Sharing loss

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To the Editor:

Our culture has many national days or months of observance. We set aside time for people to come together or individually pause, remember, and reflect on beginnings and endings. Some endings are more openly spoken of than others. Some are held close to one’s heart, and while they dim with time, the poignancy never completely recedes. Between 10 and 20 percent of pregnancies will end in miscarriage; one in 160 will result in stillbirth. The death of a baby in utero is far more common than many realize. Yet the sorrow is silent, borne in parents’ hearts, usually without supportive ritual to offer solace, a bit of comfort.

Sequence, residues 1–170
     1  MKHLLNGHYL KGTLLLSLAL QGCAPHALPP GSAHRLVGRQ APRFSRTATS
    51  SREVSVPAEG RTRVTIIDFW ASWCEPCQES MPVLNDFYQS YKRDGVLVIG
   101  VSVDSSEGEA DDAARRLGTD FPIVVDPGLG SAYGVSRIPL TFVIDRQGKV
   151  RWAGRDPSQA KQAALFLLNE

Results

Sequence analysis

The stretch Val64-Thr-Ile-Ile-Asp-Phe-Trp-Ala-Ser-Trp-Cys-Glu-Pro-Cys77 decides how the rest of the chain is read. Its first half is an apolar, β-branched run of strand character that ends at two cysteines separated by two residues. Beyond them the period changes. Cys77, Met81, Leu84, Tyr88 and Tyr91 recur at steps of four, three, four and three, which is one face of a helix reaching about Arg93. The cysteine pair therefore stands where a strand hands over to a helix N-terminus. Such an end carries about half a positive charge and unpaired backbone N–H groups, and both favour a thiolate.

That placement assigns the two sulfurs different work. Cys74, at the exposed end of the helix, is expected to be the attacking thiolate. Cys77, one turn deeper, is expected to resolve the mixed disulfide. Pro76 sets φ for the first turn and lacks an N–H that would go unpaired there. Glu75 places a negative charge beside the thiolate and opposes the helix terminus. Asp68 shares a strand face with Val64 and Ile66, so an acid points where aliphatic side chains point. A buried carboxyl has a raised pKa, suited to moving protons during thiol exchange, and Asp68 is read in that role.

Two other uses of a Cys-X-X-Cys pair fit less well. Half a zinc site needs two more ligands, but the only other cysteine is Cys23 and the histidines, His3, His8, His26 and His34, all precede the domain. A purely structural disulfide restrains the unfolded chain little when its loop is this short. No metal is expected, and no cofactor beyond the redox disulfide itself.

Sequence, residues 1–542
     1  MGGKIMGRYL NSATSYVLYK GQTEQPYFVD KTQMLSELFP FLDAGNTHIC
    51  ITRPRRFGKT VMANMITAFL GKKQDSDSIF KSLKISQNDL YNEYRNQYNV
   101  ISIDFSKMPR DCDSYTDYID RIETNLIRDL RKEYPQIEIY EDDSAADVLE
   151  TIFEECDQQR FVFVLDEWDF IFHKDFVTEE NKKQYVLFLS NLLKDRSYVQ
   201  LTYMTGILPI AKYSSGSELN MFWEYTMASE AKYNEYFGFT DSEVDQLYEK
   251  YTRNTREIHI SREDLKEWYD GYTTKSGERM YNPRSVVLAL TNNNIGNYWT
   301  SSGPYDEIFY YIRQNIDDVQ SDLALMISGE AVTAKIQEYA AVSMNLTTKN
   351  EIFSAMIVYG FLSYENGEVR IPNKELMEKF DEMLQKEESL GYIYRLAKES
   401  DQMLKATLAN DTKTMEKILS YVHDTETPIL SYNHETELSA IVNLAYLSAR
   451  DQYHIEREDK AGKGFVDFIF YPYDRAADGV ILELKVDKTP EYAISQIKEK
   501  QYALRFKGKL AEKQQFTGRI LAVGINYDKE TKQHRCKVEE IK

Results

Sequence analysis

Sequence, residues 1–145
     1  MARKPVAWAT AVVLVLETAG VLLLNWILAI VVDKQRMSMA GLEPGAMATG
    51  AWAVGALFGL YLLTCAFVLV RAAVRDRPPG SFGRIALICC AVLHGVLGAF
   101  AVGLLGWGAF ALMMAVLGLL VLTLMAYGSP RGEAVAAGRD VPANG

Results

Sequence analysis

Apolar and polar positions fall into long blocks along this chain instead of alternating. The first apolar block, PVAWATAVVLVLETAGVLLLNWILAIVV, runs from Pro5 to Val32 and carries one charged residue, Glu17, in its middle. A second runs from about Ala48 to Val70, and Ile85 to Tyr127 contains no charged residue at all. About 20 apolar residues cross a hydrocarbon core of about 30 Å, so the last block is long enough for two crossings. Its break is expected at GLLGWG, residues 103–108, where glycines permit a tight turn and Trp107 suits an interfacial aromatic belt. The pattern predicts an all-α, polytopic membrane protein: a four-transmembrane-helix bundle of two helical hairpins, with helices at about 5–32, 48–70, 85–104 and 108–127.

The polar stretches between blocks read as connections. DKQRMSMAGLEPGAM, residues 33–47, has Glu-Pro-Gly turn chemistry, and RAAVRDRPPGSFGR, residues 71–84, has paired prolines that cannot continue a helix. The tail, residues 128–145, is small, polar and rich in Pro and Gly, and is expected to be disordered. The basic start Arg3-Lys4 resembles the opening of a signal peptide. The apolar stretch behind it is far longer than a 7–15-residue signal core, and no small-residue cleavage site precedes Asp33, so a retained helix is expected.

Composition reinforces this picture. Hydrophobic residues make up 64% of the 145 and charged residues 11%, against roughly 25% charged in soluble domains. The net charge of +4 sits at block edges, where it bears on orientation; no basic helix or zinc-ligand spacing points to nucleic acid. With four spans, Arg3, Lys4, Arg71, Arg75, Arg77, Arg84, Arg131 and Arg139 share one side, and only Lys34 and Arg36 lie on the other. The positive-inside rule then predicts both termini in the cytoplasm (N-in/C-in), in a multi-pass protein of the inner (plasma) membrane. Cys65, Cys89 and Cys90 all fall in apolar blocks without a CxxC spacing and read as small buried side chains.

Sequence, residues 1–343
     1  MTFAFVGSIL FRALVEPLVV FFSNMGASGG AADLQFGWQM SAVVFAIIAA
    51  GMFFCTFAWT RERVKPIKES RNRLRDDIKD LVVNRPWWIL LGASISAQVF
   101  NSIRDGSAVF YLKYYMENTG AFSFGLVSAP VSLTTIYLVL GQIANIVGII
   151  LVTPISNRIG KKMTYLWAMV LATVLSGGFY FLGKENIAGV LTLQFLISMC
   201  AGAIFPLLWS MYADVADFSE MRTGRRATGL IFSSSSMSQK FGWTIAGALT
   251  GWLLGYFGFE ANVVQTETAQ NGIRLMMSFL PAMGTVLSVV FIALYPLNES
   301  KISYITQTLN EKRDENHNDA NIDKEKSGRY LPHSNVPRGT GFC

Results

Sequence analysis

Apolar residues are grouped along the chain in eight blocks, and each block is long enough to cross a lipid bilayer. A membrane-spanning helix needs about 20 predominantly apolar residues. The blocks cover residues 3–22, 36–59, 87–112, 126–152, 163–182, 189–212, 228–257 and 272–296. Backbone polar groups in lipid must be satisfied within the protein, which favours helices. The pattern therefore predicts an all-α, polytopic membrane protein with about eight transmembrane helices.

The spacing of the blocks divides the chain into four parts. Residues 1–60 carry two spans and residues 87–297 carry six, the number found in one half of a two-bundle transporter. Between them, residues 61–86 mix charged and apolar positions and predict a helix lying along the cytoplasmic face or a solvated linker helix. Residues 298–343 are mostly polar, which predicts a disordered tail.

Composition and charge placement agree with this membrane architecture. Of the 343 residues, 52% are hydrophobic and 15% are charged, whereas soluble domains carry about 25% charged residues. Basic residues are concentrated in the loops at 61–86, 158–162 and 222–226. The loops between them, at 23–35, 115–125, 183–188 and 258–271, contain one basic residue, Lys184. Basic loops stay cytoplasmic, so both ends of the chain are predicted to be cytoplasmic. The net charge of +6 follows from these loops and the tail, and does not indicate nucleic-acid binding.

Understandably and sadly, many don’t know what to say to a newly grieving parent. Understandable, because our culture at large doesn’t give grief or grieving people tender space in which to be with loss, pain, and emptiness. We feel awkward saying something, not wanting to make someone cry or make them think of their loss. But please know this: Giving someone the chance to cry is healing; speaking about their loss validates it, and tells them someone else recognizes their pain, that they are not alone.

When a baby dies in utero or during labor, words are never adequate, except to say, I don’t know what to say; words fail me. October is National Pregnancy Loss Month, hopefully during this month parents will know they are not alone in their loss.

There will be a Time of Remembrance on Friday, Oct. 16, from 6:30 to 8 pm at Yoga on the Vine in Edgartown (at the Triangle). People may come for the entire time, or may drop in. If you wish, please feel free to bring a stone with a name on it to add to the gathering. Details about the event are on the Time of Remembrance Facebook page.

Susan Desmarais

Oak Bluffs